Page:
I think it's a mixture of both scenarios there's reason to believe that they're dragging their feet just so that the prices stay up there but at the same time the market does seem to indicate that there is not an easily available increase in production no matter what the price is. Production stays mostly flat no matter what the price climbs too. Of course this is complex economics but shouldn't we see at least a small bit of greed when the price is high and less selling when the prices are lower. Just a bit of a dip or peak would indicate that the market is being played but instead it looks as if they're not able to produce at a higher rate.



edit on 3/8/2012 by dbates because: (no reason given)



posted on Mar, 8 2012 @ 12:13 PM
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What about nuclear powered cars? It would be a lot safer in accidents etc..have a car powered by a reactor core that you refuel once every few years? Would be nice eh?

I really think electric is the future, then I would install a crap load of huge solar panels on my future house and have my car 'gassed up' ready to go at any time.



posted on Mar, 8 2012 @ 12:14 PM
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The problem I see with the idea of alternative fuels is that we will see the creation of a beast as bad if not worse than big oil. Are we going to repeat the mistakes of the past with the alternatives? More then likely I suspect. Tax breaks to get them going, then they will get more money thrown at them whenever they make a "breakthrough". Some years down the line will we be bemoaning big wind ??? We all know how politicians like throwing money at things.



posted on Mar, 8 2012 @ 12:14 PM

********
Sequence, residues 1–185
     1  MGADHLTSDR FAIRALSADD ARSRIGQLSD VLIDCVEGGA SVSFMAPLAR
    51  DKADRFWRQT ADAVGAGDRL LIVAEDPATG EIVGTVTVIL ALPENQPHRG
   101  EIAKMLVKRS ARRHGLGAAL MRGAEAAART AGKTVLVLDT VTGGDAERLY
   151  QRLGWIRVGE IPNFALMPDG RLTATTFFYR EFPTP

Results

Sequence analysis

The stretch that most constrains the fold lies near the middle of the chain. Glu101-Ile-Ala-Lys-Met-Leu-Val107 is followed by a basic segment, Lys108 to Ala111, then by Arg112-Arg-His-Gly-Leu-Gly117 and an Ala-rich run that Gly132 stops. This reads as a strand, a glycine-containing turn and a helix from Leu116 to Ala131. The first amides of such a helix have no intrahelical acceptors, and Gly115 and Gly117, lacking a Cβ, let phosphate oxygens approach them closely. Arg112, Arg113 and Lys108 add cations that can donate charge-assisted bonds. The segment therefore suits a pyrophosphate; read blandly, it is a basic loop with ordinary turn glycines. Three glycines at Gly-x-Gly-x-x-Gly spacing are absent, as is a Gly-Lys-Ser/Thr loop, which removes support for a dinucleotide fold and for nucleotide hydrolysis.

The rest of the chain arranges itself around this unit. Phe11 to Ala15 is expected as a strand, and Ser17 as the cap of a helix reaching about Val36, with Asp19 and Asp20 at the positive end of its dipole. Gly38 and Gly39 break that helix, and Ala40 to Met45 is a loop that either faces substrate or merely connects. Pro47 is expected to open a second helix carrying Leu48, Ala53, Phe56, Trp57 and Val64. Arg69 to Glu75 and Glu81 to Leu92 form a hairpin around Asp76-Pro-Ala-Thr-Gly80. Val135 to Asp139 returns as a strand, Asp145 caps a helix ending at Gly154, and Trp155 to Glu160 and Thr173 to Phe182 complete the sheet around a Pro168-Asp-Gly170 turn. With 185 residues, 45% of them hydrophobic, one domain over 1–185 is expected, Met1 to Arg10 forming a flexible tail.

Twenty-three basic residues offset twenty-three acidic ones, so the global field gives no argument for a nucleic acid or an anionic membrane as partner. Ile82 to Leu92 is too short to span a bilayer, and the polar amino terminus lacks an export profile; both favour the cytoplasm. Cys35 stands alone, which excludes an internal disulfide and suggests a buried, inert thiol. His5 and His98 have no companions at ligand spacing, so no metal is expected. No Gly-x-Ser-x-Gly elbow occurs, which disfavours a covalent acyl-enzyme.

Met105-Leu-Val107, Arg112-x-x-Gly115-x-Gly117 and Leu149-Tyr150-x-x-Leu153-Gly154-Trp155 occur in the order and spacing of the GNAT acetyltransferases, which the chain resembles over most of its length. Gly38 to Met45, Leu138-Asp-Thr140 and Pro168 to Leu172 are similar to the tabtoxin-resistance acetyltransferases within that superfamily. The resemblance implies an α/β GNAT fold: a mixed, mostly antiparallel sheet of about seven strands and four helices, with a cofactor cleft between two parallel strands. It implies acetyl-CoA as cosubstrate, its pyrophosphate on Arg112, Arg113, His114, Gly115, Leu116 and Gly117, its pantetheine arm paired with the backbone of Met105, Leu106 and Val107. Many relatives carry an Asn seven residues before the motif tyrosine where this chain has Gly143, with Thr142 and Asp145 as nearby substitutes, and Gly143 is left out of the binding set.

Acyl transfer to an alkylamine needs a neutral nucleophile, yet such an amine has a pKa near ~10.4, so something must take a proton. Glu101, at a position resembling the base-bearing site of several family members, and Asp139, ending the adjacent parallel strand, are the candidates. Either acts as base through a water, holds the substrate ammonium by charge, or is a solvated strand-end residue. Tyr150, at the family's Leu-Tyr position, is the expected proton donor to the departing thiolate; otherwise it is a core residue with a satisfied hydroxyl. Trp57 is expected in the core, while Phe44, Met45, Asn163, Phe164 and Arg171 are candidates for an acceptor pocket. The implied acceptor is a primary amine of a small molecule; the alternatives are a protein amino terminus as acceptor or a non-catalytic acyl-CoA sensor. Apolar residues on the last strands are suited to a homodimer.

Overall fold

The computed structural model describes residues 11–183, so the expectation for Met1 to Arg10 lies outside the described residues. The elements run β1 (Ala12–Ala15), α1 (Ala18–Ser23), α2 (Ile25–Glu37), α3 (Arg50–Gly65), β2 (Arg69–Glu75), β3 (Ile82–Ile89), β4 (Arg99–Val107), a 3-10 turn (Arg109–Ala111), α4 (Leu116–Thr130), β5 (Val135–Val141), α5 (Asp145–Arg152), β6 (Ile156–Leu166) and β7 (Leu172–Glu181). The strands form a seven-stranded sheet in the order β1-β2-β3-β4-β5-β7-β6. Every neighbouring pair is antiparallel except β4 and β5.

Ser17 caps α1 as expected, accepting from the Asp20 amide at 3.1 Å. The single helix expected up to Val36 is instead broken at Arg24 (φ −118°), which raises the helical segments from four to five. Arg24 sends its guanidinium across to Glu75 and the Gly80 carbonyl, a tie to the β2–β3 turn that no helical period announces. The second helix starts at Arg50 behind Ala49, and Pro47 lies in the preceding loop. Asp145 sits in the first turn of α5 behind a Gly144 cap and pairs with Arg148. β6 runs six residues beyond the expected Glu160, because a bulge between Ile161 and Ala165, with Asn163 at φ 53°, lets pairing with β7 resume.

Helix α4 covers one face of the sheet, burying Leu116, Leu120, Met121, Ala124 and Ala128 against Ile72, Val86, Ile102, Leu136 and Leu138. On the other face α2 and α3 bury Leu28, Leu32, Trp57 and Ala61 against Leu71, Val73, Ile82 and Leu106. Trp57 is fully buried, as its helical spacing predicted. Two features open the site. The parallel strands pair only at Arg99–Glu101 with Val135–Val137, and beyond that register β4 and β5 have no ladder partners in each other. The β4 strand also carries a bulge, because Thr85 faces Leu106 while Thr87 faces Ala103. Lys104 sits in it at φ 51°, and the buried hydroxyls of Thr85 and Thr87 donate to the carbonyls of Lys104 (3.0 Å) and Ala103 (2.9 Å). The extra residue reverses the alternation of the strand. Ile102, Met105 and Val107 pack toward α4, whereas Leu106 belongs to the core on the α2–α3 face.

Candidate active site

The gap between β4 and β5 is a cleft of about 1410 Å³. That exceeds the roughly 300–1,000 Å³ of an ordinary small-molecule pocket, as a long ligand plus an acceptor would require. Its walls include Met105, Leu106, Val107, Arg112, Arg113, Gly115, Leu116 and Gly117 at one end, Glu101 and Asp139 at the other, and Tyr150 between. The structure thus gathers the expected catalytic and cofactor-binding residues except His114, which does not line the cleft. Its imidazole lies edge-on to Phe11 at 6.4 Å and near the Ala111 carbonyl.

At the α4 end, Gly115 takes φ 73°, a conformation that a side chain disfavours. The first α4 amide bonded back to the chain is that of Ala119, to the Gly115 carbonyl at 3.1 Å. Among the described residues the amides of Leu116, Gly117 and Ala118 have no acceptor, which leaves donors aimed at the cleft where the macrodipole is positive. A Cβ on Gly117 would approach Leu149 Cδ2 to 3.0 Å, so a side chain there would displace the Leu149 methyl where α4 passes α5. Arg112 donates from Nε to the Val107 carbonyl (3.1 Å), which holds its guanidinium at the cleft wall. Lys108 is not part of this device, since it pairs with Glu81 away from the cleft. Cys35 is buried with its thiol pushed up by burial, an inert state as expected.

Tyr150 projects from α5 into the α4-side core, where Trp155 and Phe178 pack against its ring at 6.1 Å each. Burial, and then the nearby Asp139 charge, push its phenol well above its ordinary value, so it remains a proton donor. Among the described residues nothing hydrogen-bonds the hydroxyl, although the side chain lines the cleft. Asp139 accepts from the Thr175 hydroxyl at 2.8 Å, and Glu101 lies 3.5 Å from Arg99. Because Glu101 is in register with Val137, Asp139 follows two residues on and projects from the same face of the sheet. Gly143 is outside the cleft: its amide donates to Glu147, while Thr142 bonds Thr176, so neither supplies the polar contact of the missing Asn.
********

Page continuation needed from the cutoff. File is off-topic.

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reply to post by dbates
 


That is also the reason the USA has to find any country that has oil and somehow discover a terrorist in them, Sudan, uganda, etc...any little drops of oil have terrorists standing on them for some weird reasons.



posted on Mar, 8 2012 @ 12:43 PM
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Originally posted by hangedman13
The problem I see with the idea of alternative fuels is that we will see the creation of a beast as bad if not worse than big oil. Are we going to repeat the mistakes of the past with the alternatives? More then likely I suspect. Tax breaks to get them going, then they will get more money thrown at them whenever they make a "breakthrough". Some years down the line will we be bemoaning big wind ??? We all know how politicians like throwing money at things.


So, it is better to stagnate under the thumb of Big Oil than to advance and risk being under the thumb of a new Energy regime?

The difference between Big Oil and Renewable Energy is that individuals can't own their own oil field and refinery...they can own their own solar panels and turbines...and no one can stop the flow of the wind or rays of the sun.